Here are some interesting links.



How do we describe him??  Incredible!!  

His youngest sister will marry in November and I will finally file for her green card status based on the marriage.  That is how I began to unravel Roberto’s status-after he married Kim.  Their mother is also a US citizen.  There is one remaining oldest brother who receives work permission every year.  



There are so few moments these days when you can stand up and applaud a decision by government. The decision yesterday by the Arizona Board of Regents to permit Dreamers — the children of illegal immigrants — to pay in-state tuition in the Arizona university system is one of them.

The thing about Dreamers is that they are a group of individuals. Each one has his or her story. I wrote about one such individual for the Star in December of 2003. The story had a happy ending. Tucson immigration attorney Gloria Goldman succeeded in getting Roberto the right to remain in this country.

Roberto Valenzuela is in his mid 20s. He has lived in Tucson since he was 11. At Rincon High School, he attended Boys State. He did so well there he was selected as one of two Arizona boys to attend Boys Nation, where he spent about five minutes speaking with then President Bill Clinton. He did so as an an illegal immigrant.

 Since 1995, his attorney has been trying to win legal residency status for Valenzuela. Last year, one judge on the Board of Immigration Appeals denied the appeal by Valenzuela, his brother, a sister and his mother for legal residency. Valenzuela’s lawyer, Gloria Goldman, appealed to the 9th Circuit Court of Appeals. She expects the appeal will sit there for a long while. There’s a great backlog of immigration cases pending in the 9th Circuit Court, Goldman said.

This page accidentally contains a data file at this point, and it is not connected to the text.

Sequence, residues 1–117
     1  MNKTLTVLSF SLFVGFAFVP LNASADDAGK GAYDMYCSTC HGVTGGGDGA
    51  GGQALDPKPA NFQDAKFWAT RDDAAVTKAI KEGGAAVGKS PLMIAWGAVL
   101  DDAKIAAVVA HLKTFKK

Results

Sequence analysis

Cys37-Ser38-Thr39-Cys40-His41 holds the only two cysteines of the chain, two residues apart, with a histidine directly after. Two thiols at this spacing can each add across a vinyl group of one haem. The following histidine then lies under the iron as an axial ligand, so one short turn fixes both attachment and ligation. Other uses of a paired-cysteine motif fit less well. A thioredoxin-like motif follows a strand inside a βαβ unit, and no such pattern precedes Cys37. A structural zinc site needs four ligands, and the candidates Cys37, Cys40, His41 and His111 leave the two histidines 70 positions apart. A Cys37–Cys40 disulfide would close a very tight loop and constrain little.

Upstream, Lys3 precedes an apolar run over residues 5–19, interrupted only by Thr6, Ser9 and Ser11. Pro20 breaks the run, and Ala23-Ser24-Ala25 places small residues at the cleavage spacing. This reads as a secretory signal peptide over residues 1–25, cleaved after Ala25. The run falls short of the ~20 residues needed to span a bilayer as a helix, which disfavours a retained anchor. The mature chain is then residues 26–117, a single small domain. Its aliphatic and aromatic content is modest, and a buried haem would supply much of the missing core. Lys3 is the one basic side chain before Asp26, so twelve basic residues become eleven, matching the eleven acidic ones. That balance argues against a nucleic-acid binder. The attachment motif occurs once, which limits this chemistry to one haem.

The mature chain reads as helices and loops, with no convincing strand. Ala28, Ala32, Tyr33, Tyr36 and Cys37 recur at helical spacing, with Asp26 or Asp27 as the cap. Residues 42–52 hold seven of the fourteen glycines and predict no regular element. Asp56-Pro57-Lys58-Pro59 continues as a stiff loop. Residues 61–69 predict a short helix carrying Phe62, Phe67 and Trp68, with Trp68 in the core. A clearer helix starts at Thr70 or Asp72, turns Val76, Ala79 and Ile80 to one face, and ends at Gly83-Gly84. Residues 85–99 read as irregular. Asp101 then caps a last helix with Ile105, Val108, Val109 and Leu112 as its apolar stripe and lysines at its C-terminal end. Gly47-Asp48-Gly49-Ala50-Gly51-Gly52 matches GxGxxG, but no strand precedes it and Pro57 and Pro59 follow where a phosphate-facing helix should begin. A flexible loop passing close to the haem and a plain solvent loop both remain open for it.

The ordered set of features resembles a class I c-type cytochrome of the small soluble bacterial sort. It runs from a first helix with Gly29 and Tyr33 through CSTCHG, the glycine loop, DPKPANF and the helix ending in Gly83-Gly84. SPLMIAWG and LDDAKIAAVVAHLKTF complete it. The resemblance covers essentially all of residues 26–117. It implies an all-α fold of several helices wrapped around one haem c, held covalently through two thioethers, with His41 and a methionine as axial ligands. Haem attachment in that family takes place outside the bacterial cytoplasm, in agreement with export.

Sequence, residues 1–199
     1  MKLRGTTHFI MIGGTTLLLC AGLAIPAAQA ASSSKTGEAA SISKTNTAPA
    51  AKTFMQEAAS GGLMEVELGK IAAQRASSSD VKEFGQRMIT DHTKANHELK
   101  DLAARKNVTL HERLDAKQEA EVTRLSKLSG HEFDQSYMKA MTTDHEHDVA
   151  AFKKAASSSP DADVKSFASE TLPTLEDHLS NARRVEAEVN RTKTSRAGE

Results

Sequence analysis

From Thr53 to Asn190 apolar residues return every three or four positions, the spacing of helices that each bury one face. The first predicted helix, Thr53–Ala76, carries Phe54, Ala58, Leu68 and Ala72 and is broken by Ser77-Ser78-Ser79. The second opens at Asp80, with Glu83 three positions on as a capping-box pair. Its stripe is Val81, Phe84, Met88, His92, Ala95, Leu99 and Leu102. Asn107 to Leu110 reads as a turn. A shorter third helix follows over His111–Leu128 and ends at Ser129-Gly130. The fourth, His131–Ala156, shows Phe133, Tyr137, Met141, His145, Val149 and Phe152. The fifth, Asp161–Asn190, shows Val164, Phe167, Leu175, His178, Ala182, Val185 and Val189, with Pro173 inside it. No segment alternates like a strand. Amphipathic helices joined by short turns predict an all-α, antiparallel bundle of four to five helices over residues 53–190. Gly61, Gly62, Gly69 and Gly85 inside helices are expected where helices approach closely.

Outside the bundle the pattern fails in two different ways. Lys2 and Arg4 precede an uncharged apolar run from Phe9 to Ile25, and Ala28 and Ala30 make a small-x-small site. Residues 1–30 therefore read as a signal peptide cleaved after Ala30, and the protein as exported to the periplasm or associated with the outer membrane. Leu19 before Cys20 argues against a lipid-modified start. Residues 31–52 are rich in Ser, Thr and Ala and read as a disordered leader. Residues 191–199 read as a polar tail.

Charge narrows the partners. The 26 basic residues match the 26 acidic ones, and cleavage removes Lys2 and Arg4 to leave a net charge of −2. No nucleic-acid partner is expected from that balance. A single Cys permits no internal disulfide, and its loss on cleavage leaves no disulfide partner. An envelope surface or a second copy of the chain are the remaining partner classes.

Valenzuela‘s case clearly illustrates why Congress should pass the Development Relief and Education for Alien Minors (DREAM) Act. For whatever reason, numerous minors illegally entered the United States, often without having any say in the decision to do so. This bill grants residency to illegal immigrants who entered the United States before they were 16 and have lived here for at least five years. To qualify, immigrants would have to graduate from high school and complete two years of college or military service.

 Valenzuela clearly would qualify. He has graduated from the University of Arizona with a degree in international business and is teaching at a local high school, said Goldman.

 The DREAM bill passed the Senate Judiciary Committee last October by a 16-to-3 margin. It is supported by both Arizona senators, Jon Kyl and John McCain. A similar bill, the Student Adjustment Act, was introduced in the House.

 Another indication that a consensus in favor of this bill is growing is that late last month Phoenix immigration Judge John W. Richardson postponed deportation hearings for four illegal immigrants who happen to be high academic achievers. Richardson said by this time next year, “the tea leaves should be pretty clear” as to whether Congress will pass the bill. It was a clear indication that Richardson considered the students as worthy residents, if not citizens. He postponed the hearings 10 months – until September of next year – as a government immigration attorney strongly protested, arguing that the four should be deported. If the DREAM bill does not pass by September, the four students certainly will be deported. Valenzuela also could share a similar fate.

 The Phoenix students have graduated from high school and are attending college. Along with Valenzuela, they are as American as anyone who was born in this country. They are productive contributors to society. As such, they should be allowed to remain here.